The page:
I want my File objects to continue living even if the MockFileSystem is dropped
expect for very specific case where function need to have an Arc don't give a function an arc
I don't get it your function is async ?
yeah it's async
so you spawn it ?
or just call it
4:21 PM
you're suggesting I should not make that a goal?
well, depend, if the function is spawned it need an arc
but if the function is call, MockFileSystem can't go out of scope
so the first question is do func really need an arc
if yes we can work on fixing your problem ;)
let's say I'll be spawning. I'm not sure exactly how I'll need to use this. I haven't written my unit tests that'll be using it yet
well let me try
BTW is there an easier way to unit test code that reads files? I'm creating a `FileSystem` trait and requiring all my code that deals with files to take in an `&impl FileSystem`. dependency injection, essentially.

I found the [filesystem crate](https://docs.rs/crate/filesystem/0.4.4) which does exactly this but it isn't async
I'm starting to master Rust
@JohnKugelman isn't read trait already enough ?
4:37 PM
@Stargateur for low level functions that use Read yeah, but there are higher-level ones that use AsRef<Path> or similar
or use paths internally. I have a function that searches various paths for config files, for instance: it looks at /etc/app.conf, /etc/app.d/*. I want to test that it searches the correct system locations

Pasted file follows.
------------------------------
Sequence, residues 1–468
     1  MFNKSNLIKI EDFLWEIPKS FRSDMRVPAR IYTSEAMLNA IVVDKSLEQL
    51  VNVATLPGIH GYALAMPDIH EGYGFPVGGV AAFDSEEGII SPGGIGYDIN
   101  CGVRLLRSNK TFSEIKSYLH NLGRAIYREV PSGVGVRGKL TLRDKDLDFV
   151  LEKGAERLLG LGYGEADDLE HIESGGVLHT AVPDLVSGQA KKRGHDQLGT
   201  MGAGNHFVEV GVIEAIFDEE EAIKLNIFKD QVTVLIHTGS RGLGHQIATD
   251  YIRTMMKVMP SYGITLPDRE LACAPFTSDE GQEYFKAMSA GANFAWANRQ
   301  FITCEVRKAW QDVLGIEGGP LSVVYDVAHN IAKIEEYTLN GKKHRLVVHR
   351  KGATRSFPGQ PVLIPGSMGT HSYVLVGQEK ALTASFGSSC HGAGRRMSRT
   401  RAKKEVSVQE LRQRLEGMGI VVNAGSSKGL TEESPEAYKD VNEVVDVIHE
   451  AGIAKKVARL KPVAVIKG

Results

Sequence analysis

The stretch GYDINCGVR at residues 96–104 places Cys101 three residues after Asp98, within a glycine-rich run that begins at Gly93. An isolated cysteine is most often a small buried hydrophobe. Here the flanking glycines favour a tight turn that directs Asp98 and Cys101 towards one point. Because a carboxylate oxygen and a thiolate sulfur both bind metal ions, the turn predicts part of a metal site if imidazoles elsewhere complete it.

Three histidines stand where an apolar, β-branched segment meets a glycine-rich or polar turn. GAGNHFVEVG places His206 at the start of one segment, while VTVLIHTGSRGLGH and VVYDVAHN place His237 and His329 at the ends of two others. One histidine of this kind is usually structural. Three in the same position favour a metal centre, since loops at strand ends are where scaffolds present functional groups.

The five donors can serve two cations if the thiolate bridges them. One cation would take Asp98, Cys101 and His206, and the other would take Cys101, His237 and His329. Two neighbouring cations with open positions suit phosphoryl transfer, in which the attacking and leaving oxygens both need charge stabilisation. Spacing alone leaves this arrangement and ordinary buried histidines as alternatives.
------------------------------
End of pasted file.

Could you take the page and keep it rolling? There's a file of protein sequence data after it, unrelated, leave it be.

@Stargateur use it like this?
let mut buf = Vec::new();
(*read).as_ref().read(&mut buf).unwrap();
should work
and it compile time no dyn
4:57 PM
@JohnKugelman that (*read) looks suspicious
@Shepmaster have to dodge Arc's as_ref()
@JohnKugelman hmm. at that point I think I'd be explicit. something like
I'm still churning on this. I think I was wrong to want the function to take an Arc. It really ought to take a Read directly.
impl File {
    fn new(path: &Path, read: impl Read) -> Self;
I think it's correct to start with an Arc<[u8]> or Arc<Vec<u8>> though, and then try to build a Read that owns a clone of the Arc
like this?
struct MockFileReader(Arc<[u8]>);

impl Read for MockFileReader {
That way all the Arc business is confined to the mock code and the generic File code is none the wiser that there's sharing going on
...Back to my bigger question though: do you all ever write tests for code that touches the filesystem, and if so, how?
@JohnKugelman depending on how much I care...
use scratch::{Facade, StandardLibrary, FileFacade};

mod scratch {
    use std::{io, fs::{self, File, OpenOptions}, path::Path};

    pub trait Facade: Clone {
        type File: FileFacade;

        fn open_file_for_read(&self, path: &Path) -> io::Result<Self::File>;
        fn open_file_for_write(&self, path: &Path) -> io::Result<Self::File>;

    pub trait FileFacade: io::Read + io::Write {